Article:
Final Space and meaning

Final "Fusion" Design

Original second design of “Fusion” was the most representative of the meaning of the word, mainly due to the coloring and sizes of letters.  The darker shades of each letter as one progressed towards the center of the word portrays a sense of concentration in the middle (aka fusion).  Additionally, the sizes became smaller at the center as well, giving a dense feel, which is also an attribute of fusion (like a black hole).  Suggestions for improvements include separating the spacing between ‘i’ and the surrounding letters so it’s more distinct and visible.  Moreover, shifting letter positions is also suggested to give a more organic feel.

Changes were made to focus ‘i’ at the epicenter of the word (vertically and horizontally) as other letters progressed downwards from it as if they are being sucked in.  This creates a depth and the ability for the dot in the ‘i’ to stand out, distinguishing itself from the closeness of the neighboring letters.


Voice of Typography

Fonts of Love (Left Column, Right Column) - Zapfino, Giddyup Std, Edwardian Script ITC, Footlight MT Light, Geneva, Marker Felt, Lucida Blackletter, Papyrus, Rockwell Extra Bold, Mesquite Std Medium

With Zapfino the ends of each letter is very exaggerated, yet not too hard to read.  This makes “Love” very appropriate for the title of a book, especially considering the overall height is tall.  Giddyup Std is smaller in size compared to the other fonts and the rope-like design is very playful, giving the word a lighter feel.  Edwardian Script has a lot of contrast, which makes it very sharp and delicate with a sensual projection of the word.  Footlight MT Light uses serifs and angle of stress to create a subtle sharpness and contrast.  The tall x-height makes the word very imposing and solemn (almost appropriate for a poster).  Geneva’s uniformity and lack of serifs present the word neutrally and purely.  I had a sense of the word being very lonely.

Marker Felt presented the word in very thick strokes with tall x-height, which is appropriate for school and lecturing.  Lucidia Blackletter is very organic with real brush strokes, and there’s some definite contrast around the letter, giving an antique feel.  Papyrus is very skinny and small and the cracks in the actual letters makes it feel even more fragile.  The slabs on Rockwell Extra Bold makes the word feel very thick and heavy, almost overwhelming.  The all capital letters on Mesquite Std Medium and the ornaments in the center and end makes “Love” feel very dainty, which is further expressed by the skinniness of each character (appropriate for movie poster/publication).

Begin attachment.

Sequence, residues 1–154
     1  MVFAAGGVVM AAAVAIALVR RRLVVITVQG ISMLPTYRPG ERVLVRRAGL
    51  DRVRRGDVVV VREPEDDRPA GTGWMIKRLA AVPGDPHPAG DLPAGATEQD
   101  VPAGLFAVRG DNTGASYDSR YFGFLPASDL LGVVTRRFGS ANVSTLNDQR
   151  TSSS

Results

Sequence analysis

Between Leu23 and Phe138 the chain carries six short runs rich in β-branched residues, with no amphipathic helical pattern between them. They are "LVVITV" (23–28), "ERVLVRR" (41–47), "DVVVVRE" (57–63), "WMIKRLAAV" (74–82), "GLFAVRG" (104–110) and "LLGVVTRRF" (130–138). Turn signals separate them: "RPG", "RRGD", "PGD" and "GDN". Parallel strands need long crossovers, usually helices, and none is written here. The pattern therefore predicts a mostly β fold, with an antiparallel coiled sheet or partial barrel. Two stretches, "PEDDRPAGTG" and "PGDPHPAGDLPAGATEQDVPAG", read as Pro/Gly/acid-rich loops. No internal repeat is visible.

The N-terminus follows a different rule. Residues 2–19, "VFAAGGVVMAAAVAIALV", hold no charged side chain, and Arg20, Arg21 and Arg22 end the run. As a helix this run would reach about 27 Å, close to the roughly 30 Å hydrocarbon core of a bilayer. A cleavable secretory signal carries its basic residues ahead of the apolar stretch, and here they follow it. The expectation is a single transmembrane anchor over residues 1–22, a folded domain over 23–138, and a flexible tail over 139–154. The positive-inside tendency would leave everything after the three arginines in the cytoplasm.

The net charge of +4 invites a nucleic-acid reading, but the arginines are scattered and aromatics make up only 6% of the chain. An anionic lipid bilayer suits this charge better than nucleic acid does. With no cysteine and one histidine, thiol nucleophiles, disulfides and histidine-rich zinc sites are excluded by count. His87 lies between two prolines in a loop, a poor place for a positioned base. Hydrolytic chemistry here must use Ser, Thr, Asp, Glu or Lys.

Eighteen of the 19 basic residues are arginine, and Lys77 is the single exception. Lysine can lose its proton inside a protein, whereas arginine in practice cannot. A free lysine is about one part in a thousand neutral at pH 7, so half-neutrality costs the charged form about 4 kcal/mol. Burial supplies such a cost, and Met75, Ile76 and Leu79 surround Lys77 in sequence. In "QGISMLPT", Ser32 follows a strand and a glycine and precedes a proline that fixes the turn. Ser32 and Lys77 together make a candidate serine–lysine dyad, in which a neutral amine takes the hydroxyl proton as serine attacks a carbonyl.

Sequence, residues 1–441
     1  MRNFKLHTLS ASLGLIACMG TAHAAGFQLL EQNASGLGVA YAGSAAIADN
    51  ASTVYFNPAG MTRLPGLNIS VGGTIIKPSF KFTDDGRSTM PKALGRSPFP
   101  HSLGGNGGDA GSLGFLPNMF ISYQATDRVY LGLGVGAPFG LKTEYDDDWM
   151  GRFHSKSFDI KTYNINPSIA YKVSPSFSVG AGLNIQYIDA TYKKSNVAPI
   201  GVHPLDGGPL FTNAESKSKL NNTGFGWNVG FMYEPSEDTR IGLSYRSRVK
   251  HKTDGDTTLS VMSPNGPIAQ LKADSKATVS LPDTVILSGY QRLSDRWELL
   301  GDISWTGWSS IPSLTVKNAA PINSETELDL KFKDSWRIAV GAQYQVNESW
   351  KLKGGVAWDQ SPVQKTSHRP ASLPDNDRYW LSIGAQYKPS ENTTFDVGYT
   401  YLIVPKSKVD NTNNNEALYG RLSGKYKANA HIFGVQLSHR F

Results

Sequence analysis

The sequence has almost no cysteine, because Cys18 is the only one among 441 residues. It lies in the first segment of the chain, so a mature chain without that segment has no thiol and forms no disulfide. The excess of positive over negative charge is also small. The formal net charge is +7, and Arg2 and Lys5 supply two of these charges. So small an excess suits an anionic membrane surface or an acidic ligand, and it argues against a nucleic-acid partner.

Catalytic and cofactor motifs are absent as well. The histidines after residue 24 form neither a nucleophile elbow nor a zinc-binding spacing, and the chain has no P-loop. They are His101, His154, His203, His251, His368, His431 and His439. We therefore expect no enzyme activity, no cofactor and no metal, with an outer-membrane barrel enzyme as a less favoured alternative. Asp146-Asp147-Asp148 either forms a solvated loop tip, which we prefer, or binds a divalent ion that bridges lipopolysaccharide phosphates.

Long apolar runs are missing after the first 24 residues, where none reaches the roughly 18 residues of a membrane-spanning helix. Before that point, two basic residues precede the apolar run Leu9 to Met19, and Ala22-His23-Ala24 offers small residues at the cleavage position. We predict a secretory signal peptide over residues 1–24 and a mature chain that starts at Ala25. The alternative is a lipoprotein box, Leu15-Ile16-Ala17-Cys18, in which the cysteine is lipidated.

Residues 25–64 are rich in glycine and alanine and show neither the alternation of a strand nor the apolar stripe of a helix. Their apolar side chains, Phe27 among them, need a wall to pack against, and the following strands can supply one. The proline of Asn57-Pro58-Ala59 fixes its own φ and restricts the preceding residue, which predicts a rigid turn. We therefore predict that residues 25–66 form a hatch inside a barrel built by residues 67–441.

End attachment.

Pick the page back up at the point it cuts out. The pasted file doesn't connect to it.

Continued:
Tracing letterforms

Letter Outline (Times New Roman, Helvetica, Zapfino)

The three fonts chosen cover the various serif, san serif, and decorative categories.  Times New Roman is probably the mostly used font especially in Microsoft Word and other major text editing tools.  It’s the smallest font out of the three, both in terms of x-height and width.  Both Times New Roman and Helvetica have fairly straight ascenders and descenders.  However, Times New Roman has its counters almost completely surrounded by its serifs, unlike Helvetica and Zapfino.  The italic Zapfino is less bounded than the other two fonts with noticeable overhang near the end of the stroke and exaggeration at the very end.

Tracing typefaces

Garamond and Bodoni are serif fonts while Helvetica and Futura are san serifs.  The san serifs seem to be more legible at the size of the tracing.  All the fonts have about the same x-height and width, making them all relatively imposing.  In addition, the fonts are all relatively modern noted by the straight lines with the serifs perhaps being a tad more organic.  Bodoni especially has a lot of contrast between the thick and thin in each of the letters especially at the terminals, finials, etc while Helvetica and Futura are generally uniform.  The angle of stress for Garamond and Bodoni seems to be leaning towards the left.  Lastly, even though Futura doesn’t have a lot of changes in thickness, the sharp ends of capital letters do give a sense of contrast.

Thinking with Type – Letter

How did computers change typefaces? How were they made before computers? And after?

Computers changed typefaces by including them in Operating Systems, so they can be readily accessed and designed.  Before computers, one needed to draw the letters themselves, and then proofread for suggestions/revisions.  Now they are designed in computers through Photoshop and Illustrator.

What is the anatomy of a typeface? What are all those little bits of letters called?

Anatomy refers to the various parts of a letter as well as their relationships to each other. The bits and pieces are Stem, Bowl, Serif, Descender, Ligature, Finial, Ascender, Terminal, Crossbar, and Spine.

How do designers choose what font to use?

They choose fonts based on the intended purpose of the writing using the font. If the purpose is for titles the font will be rather delicate and have lyrical forms. For regular texts, fonts tend to be with heavier strokes. In addition, an overall affect might influence the choices of fonts.

What is a type family? What are its parts?

A type family is various forms of the same font. This includes roman, italic, small caps, bold, and semi-bold forms.

Remember one font from this reading, or elsewhere, that you like. Find the name. Think about why you like it.